Since the commencement of the Companies Ordinance 2014, we have seen a steady increase in court-free amalgamation of companies. We have successfully completed many amalgamations, vertical and horizontal, in an array of industries including regulated entities. Here are our observations and thoughts:

Why amalgamate?

Amalgamation could be employed to achieve a number of purposes. Many companies consider it a convenient, cheap and hassles-free process to streamline organisational structures and to achieve efficient allocation of group resources. Others find it useful for tax planning purposes.

Amalgamation Process

The statutory process under the Companies Ordinance takes approximately 4 to 8 weeks, but one should be mindful that the actual process may take longer depending on the complexity in each case.

The process kicks off by the board of directors of amalgamating companies passing resolutions to approve the amalgamation. The directors need to issue an opinion to confirm that, in their view, the relevant amalgamation companies (and the amalgamated company, after amalgamation) are (and will be) able to pay its debts. An amalgamation notice will need to be published in newspapers. After the public notice, the amalgamation further requires the approval by shareholders by way of a special resolution.

The process also contemplates the obtaining of express consent of holders of floating charges and notifying secured creditors.

Certain filings with the Companies Registry are necessary. The date of the Certificate of Amalgamation issued by the Companies Registry is the effective date of the amalgamation.

Effect of Amalgamation

On the effective date of an amalgamation, each amalgamating company ceases to exist as an entity separate from the amalgamated company (i.e. the surviving entity) and the amalgamated company succeeds to all the property, rights and privileges, and all the liabilities and obligations, of each amalgamating company.

Things you need to know

1. Any resistance from Directors in signing a Solvency Statement?

The solvency statement is a pre-requisite to an amalgamation under the Companies Ordinance. In forming an opinion on solvency, the directors are required to make an informed judgement, taking into account all liabilities of the amalgamated company (including contingent and prospective liabilities). Under the law it is possible for Directors to assume personal criminal liability for making a false statement or making the statement without reasonable grounds. It is prudent for directors to commission audited accounts to be prepared immediately prior to amalgamation. Directors should also engage the business team in conversations to investigate into the company affairs in order to accurately assess solvency risks which may not be revealable in the accounts.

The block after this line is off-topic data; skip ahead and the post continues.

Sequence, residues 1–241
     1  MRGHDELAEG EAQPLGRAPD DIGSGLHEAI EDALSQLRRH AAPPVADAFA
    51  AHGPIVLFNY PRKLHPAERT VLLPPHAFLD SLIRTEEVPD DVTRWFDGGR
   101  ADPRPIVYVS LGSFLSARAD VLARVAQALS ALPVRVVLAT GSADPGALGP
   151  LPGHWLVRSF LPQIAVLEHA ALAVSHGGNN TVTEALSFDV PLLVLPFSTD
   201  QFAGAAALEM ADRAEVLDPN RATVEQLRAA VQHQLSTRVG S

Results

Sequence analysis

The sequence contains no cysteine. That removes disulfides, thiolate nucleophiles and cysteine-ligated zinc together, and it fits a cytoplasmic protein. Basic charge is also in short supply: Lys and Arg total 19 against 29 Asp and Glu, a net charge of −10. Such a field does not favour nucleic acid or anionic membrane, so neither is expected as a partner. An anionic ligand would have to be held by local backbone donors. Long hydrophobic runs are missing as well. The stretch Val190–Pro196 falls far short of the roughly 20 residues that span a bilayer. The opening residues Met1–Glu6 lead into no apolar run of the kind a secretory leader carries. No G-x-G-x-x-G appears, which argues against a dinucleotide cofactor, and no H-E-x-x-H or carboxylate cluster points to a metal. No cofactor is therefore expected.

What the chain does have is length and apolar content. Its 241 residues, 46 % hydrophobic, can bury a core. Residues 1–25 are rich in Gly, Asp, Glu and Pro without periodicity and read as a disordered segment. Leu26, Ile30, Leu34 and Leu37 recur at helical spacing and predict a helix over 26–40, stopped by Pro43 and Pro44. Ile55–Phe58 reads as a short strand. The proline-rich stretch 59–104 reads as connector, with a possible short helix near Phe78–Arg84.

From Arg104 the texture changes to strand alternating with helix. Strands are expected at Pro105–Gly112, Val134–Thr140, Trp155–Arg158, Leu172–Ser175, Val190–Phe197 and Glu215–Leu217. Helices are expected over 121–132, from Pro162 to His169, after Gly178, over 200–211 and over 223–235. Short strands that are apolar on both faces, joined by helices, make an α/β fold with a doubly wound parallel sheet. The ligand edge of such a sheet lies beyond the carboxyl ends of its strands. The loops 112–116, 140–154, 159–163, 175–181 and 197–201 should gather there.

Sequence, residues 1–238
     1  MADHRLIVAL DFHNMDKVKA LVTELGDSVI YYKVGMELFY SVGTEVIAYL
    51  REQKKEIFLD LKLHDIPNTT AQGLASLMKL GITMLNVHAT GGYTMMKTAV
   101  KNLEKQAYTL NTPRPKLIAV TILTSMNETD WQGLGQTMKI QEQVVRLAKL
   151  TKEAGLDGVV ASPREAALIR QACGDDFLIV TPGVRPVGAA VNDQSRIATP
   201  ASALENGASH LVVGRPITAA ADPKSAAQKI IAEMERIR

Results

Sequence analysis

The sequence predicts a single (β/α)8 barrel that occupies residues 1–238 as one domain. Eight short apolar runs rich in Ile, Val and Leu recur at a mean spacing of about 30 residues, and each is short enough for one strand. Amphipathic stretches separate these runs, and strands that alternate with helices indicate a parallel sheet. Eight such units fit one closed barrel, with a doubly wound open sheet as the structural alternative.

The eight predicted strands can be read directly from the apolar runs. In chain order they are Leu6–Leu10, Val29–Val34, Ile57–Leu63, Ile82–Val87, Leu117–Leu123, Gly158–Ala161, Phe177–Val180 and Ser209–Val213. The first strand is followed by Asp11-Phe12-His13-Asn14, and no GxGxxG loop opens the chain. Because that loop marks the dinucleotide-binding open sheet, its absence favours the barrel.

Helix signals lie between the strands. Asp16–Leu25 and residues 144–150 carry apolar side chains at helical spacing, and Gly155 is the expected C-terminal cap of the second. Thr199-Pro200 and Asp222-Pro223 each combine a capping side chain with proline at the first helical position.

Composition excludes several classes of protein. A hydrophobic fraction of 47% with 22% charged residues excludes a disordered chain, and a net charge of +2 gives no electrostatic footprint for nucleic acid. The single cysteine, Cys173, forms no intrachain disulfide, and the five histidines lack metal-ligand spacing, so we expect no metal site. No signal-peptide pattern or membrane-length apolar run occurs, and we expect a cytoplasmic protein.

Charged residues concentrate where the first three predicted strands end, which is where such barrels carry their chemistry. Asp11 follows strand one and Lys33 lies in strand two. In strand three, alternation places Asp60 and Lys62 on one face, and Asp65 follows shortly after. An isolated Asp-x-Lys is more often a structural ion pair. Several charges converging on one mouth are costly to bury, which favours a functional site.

In our experience directors (especially independent non-executive directors) may ask for indemnification for making a solvency statement. Also note the ambit that a company may provide for indemnification in favour of directors under the Companies Ordinance.

2. Due Diligence prior to implementation

Whilst the contractual rights and liabilities of the amalgamating companies will be succeeded by the amalgamated company by operation of law, you will need to assess if existing contracts contain restrictions on amalgamation. It is not uncommon that loan documentation and property leases contain this kind of restrictions.

The consequences of breach of these restrictions may vary and they are normally set out in the contracts. You will need to assess the impact of amalgamation on the companies’ contracts prior to implementation. In some cases, prior consent from the counterparties may be necessary.

3. What will happen to the overseas subsidiaries or offices?

If the amalgamating companies have operations outside Hong Kong, the legal effect on overseas subsidiaries or offices should be assessed.

Companies should consider seeking foreign legal advice on how the laws of the place of incorporation of the offshore subsidiaries will recognize the amalgamation under Hong Kong law and what is the necessary process to update the investor of the subsidiaries. In our experience it may possibly involve a process more complicated than merely a change of name. Different jurisdictions have different requirements. The same applies to overseas representative offices or liaison offices.

Dialogues with overseas authorities should be included as part of the planning process. Clearing these hurdles at an early stage could go a long way in saving time and costs down the road.

4. When to inform banks, suppliers and customers?

The Companies Ordinance does not specify when the amalgamating company should inform the banks (other than floating chargees and secured creditors) and business counterparts. Do you wish to notify the banks and business counterparts before they read it from the news? Corporate relations management is certainly an item on the agenda.